We've had a good time chasing Utah ringnecks in some of the toughest cover imaginable. I love hunting pheasants but I hate where we have to sometimes go to find them. I hate fragmites... that says it all. If I can stay out of them and still find birds I'm happy.

We have been successful and the dogs are doing really well. My young dog Chief is really coming on this year and Hazel is still awesome. Such a pleasure to hunt behind these dogs. Love every minute.

Opening weekend was HOT. High 60s. Too hot and too hard on the dogs. We got our limit of birds but it took all day to do it. It cooled off a little during the week and we were able to go out again. But is was the same deal. Too hot and it took a lot of work to get our birds again. I don't mind working hard for my birds but hunting the fragmites for them is very hard on the dog. They were very sore and beat up by the days end.

Highlight opening weekend was when Chief pointed a pair of young roosters. My brother and I were able to connect on both of them. I was stoked for Chief. I don't think he was nearly as excited. He just kept on hunting like he was saying... "Why so excited... that's what I do." I'm very proud of him.

The next weekend we got a snowstorm that dumped about 6" of snow. Perfect pheasant hunting conditions in my opinion. We got out early and Got into them pretty quick. Bagged a couple old swamp roosters that never would of stuck around if there wasn't that much snow on the ground. We stayed out of the fragmites and had a beautiful morning. Fresh fluffy, deep snow makes the birds stick rather than run. It makes for a much easier hunt. Especially with hard running pointing dogs like mine.

It was nice to put some big older roosters in the bag. So far we've been bagging just the young, dumb ones while we watch the nice, big old birds flush up ahead of us out of shooting range.

Unfortunately, the first big snow means the end of Grouse season. Unless you want to snow shoe into the cover that holds them. Dogs are useless in those conditions. And if you can't hunt birds with bird dogs why go. Right? It's too bad. It was a good year for grouse. Oh well. We'll chase pheasants for a couple more weeks and then we'll head for the chukar hills. I better hit the treadmill.

Nice Rooster Caught with no place to run. Shawn's dog had a nice long retrieve to find this one.

Shawn with a nice Rooster
 A good find and retrieve from Hazel.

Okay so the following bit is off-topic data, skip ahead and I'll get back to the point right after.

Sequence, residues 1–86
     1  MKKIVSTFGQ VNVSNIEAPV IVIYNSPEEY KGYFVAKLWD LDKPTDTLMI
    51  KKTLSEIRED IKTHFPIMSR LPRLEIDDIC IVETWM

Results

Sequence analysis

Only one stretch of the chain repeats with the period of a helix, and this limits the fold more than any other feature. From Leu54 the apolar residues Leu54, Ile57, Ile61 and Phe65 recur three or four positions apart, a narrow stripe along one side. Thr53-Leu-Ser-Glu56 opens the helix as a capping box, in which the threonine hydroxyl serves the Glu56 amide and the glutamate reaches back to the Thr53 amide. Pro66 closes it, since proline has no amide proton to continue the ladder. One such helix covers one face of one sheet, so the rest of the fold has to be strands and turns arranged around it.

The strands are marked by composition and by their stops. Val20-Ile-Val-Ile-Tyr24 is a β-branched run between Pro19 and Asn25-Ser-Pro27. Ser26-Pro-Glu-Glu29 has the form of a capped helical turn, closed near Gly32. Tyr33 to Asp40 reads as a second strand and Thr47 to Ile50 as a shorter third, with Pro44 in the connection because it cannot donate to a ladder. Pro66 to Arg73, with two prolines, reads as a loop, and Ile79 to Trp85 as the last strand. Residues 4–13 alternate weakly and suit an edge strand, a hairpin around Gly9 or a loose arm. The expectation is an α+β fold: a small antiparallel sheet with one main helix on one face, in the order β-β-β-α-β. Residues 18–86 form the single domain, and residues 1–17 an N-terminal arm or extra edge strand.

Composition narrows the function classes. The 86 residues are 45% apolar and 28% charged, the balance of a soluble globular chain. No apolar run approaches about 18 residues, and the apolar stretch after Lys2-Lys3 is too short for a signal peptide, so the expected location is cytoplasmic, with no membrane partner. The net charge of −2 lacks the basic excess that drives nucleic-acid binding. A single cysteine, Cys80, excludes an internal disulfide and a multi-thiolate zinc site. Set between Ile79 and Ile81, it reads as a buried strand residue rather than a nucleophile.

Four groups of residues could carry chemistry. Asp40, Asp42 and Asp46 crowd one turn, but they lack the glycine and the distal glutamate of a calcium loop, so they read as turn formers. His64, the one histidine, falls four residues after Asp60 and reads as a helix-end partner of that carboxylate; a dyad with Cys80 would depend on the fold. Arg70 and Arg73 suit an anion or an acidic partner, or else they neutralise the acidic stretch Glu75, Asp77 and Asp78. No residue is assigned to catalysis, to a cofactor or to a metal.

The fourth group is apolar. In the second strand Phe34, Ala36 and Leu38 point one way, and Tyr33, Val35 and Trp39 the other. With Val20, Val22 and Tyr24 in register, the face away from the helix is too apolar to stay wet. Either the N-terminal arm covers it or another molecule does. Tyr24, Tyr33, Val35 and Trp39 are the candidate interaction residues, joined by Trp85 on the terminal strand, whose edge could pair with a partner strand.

During the hunt we look up at the horizon and saw a giant funnel cloud moving across the lake. I don't know if you can label this as a tornado but it was amazing to watch water swirling from the lake all the way up into the clouds. Gave us a moment of pause until we realized it wasn't coming our direction.
We don't get tornados in Utah very often. It was very cool to witness it. Camera phone picture doesn't do it justice. It was much closer than it looks it the photo. It died as suddenly as it appeared. So cool.

Utah Tornado? Sure looked like one.


We braved snow, rain, sleet and pea sized hail and witnessed a tornado during this hunt. What we'll go through for a bird hunt.

I swear the things you see when your out in the field. Things that you would never see anytime or anywhere else in your life. Hunting... there is absolutely nothing like it. Stepping out of everyday life and getting to witness nature at it's wildest or even at it's most dangerous. I absolutely love it.



Tuesday, November 6, 2012

October Bird Hunting

Young ruff that evaded my shot. Hopefully it will survive the winter to make more grouse next year.
My favorite month has come and gone. I did some great hunting with family and friends. Grouse season this year has been a lot of fun. Steady action most every time we went. It was a blast. Hopefully the snow will hold off for a little longer and I can enjoy a few more days in the mountains chasing the ruffs and the blues.
Nice Male Blue Grouse
Chief with a nice Blue Grouse. Chief relocated it after I wounded it. After flying a couple hundred yards Chief pointed it again and I was finally able to bag it on my second try. Great work by a young dog.





At the edge of the cover wondering what direction we should go. I should let the dog decide... She's usually right.
Another Blue for Jeff. Amazing shot on a fast moving bird. The bird was wounded and running. Chief tracked it and caught it after plucking the tail feathers during the pursuit. Nice mature male bird.